The challenges of treating chronic pseudo-obstruction are often multifaceted and involve the patient and family as well as the physician. The physician may suggest a multidisciplinary approach to treatment. A management team might include the child's pediatric gastroenterologist, a pediatric pain management specialist, a behavioral specialist, and others.
Chronic abdominal pain or the fear of pain is a common complaint in children with chronic intestinal pseudo-obstruction and may be treated with behavioral or relaxation therapy as well as with non-narcotic medicines.
Some children are able to benefit from small, frequent meals. Others are unable or unwilling to eat because of the severity of their symptoms. For those unable to eat, nutritional support may be provided using predigested liquid diets that are fed through tubes placed into the stomach or intestines (enteral feeding). One method uses a nasogastro tube (NG-tube), which is placed through a nasal passageway into the stomach. Another method uses a gastrostomy (G-tube), in which a liquid diet is fed directly into the stomach through a tube that has been surgically introduced through the abdominal wall. Gastrostomy is not effective when the obstruction occurs in the stomach. In that case, a third method involves feeding through a jejunostomy (J-tube). A jejunostomy feeding tube is surgically placed in the small intestine (jejunum). Both the gastrostomy and jejunostomy can act as an outlet if needed to decrease pressure and pain in the bowel.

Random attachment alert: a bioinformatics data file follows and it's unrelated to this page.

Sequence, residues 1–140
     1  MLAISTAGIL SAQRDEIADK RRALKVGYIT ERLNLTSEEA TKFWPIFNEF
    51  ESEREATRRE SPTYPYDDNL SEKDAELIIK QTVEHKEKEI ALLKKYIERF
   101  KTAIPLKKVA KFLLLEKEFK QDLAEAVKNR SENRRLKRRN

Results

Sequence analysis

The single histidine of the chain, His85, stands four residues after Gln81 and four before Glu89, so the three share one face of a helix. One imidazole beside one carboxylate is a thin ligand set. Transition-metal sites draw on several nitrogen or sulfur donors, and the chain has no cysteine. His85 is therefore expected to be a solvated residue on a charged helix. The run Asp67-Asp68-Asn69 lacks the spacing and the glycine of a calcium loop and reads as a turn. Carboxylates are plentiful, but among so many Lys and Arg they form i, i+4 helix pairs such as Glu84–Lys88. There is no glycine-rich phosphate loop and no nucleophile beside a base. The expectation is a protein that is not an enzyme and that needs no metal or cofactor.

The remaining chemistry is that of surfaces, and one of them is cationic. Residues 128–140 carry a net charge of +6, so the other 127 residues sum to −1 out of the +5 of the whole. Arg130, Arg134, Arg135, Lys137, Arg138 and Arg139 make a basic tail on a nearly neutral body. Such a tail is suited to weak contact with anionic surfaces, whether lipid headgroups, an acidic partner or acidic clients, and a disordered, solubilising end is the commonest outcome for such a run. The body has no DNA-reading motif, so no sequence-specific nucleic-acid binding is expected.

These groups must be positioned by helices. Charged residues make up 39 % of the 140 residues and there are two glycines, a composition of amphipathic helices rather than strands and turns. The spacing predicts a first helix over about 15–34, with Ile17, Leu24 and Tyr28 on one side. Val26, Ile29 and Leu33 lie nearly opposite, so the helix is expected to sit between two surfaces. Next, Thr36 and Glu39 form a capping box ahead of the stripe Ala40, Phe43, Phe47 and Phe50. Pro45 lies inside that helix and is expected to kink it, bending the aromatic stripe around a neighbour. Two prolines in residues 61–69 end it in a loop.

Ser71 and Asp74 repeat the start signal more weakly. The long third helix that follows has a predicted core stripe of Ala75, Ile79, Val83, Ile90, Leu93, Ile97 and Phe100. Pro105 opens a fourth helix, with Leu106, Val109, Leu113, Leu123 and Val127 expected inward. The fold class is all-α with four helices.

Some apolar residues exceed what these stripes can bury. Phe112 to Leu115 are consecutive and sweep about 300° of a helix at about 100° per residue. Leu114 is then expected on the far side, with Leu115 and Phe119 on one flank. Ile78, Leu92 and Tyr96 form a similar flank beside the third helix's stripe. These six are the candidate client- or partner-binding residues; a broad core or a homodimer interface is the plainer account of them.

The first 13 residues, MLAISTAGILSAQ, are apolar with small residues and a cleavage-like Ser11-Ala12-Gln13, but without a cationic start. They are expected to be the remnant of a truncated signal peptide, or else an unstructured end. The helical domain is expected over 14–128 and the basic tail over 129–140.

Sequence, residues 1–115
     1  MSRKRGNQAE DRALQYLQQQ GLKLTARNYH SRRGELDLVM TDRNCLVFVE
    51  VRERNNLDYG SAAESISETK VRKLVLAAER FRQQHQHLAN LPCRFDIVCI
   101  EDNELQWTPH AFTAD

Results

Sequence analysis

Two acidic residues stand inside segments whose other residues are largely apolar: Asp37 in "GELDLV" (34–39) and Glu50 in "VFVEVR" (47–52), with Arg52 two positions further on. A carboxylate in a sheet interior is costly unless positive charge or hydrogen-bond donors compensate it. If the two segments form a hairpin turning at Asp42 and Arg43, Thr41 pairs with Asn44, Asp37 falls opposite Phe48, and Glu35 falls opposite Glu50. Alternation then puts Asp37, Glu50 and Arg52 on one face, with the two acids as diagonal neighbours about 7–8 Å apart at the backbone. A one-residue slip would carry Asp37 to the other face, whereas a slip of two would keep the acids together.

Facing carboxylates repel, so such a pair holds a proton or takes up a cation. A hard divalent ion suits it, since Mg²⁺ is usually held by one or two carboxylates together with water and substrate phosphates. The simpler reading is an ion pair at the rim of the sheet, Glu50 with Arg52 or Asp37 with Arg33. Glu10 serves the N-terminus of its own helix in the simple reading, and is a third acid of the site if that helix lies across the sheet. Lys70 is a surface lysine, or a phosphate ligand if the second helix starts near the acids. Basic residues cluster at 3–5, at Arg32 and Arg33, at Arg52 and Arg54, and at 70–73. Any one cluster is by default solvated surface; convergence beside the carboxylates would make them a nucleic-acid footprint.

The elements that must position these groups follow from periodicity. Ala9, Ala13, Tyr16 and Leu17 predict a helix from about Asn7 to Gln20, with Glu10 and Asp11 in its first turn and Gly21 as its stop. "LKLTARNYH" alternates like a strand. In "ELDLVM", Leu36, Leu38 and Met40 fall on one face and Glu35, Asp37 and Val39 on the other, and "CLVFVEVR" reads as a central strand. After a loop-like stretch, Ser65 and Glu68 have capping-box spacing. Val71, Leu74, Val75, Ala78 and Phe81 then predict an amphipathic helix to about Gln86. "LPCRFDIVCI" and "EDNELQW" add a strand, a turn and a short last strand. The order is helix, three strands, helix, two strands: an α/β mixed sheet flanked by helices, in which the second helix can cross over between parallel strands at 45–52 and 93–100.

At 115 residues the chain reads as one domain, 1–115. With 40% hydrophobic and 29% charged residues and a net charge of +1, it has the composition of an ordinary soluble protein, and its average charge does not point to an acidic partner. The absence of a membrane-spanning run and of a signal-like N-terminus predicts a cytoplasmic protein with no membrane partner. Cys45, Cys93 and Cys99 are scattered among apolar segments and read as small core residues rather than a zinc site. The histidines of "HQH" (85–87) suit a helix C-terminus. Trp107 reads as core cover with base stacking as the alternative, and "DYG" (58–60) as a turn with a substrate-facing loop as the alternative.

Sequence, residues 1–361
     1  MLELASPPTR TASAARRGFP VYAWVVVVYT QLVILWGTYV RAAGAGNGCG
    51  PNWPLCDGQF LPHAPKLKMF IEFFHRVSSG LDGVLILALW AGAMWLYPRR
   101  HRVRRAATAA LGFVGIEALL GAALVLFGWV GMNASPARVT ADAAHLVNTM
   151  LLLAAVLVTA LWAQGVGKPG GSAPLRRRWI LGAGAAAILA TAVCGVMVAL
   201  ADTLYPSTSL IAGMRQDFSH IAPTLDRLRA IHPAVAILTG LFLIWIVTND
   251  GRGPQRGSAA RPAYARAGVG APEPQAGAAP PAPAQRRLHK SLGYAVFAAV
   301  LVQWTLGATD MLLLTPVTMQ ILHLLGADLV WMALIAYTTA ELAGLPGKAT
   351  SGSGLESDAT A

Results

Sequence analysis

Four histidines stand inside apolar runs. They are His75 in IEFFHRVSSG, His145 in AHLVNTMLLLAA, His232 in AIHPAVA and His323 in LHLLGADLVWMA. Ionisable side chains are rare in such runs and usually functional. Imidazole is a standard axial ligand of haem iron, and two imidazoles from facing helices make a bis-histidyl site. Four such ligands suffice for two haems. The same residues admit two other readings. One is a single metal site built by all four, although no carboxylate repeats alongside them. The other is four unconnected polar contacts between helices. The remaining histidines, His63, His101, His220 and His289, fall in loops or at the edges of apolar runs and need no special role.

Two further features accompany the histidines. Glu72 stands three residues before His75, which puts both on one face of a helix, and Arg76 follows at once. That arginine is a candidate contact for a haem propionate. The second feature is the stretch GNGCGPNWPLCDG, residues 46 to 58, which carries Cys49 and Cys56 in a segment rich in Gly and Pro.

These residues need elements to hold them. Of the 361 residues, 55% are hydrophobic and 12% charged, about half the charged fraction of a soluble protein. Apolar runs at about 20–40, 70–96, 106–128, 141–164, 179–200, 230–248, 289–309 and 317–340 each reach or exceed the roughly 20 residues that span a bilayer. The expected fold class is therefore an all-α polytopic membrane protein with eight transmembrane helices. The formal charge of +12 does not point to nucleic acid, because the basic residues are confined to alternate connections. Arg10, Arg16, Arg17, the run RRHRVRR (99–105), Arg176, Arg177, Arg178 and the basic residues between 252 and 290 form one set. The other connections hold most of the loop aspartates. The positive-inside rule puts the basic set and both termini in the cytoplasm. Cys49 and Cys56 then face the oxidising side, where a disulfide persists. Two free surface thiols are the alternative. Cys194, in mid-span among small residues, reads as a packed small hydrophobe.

Parenteral (i.e., not enteral) nutrition is considered if gastrostomy and jejunostomy prove ineffective. Parenteral nutrition is the slow infusion of a solution of nutrients into a vein through a catheter, which is surgically implanted. This may be partial, to supplement food and nutrient intake, or total (TPN, total parenteral nutrition), providing the sole source of energy and nutrient intake for the patient. Complications associated with long-term use of TPN include infections and liver problems, which can be difficult and severe.
In severe cases, surgery to remove part of the intestines might be necessary. In a sub-set of patients, when pseudo-obstruction is limited to an isolated segment of the bowel, surgical bypass may be considered. In the most severe cases, when patients receiving total parenteral nutrition experience life-threatening complications such as severe infection or liver failure, small bowel transplantation may be considered. This procedure is challenging and has many associated risks. It should only be considered when all other treatment options have been exhausted.
One intriguing possibility for future treatment that is under investigation is the prospect of gastric or intestinal pacing to normalize intestinal transit. This process, using high frequency electric stimulation, is similar to that of a heart pacemaker. A study of patients with gastroparesis found gastric pacing of the stomach to be efficient in the treatment of nausea and vomiting. However, much more research is needed before determining if pacing will be effective for treating intestinal motility disorders.
Over the last several decades, awareness of pseudo-obstruction has increased dramatically within the medical community. Diagnosis and treatment have improved. Nonetheless, continued clinical and basic research is needed before the disease is fully understood, and improved treatment or ultimately a cure found.
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Adapted from IFFGD Publication #843 by William F. Norton, Publications Editor, International Foundation for Functional Gastrointestinal Disorders, Milwaukee, WI; Reviewed by: Carlo Di Lorenzo, MD, Ohio State University, Division of Pediatric Gastroenterology, Columbus Children's Hospital, Columbus, OH.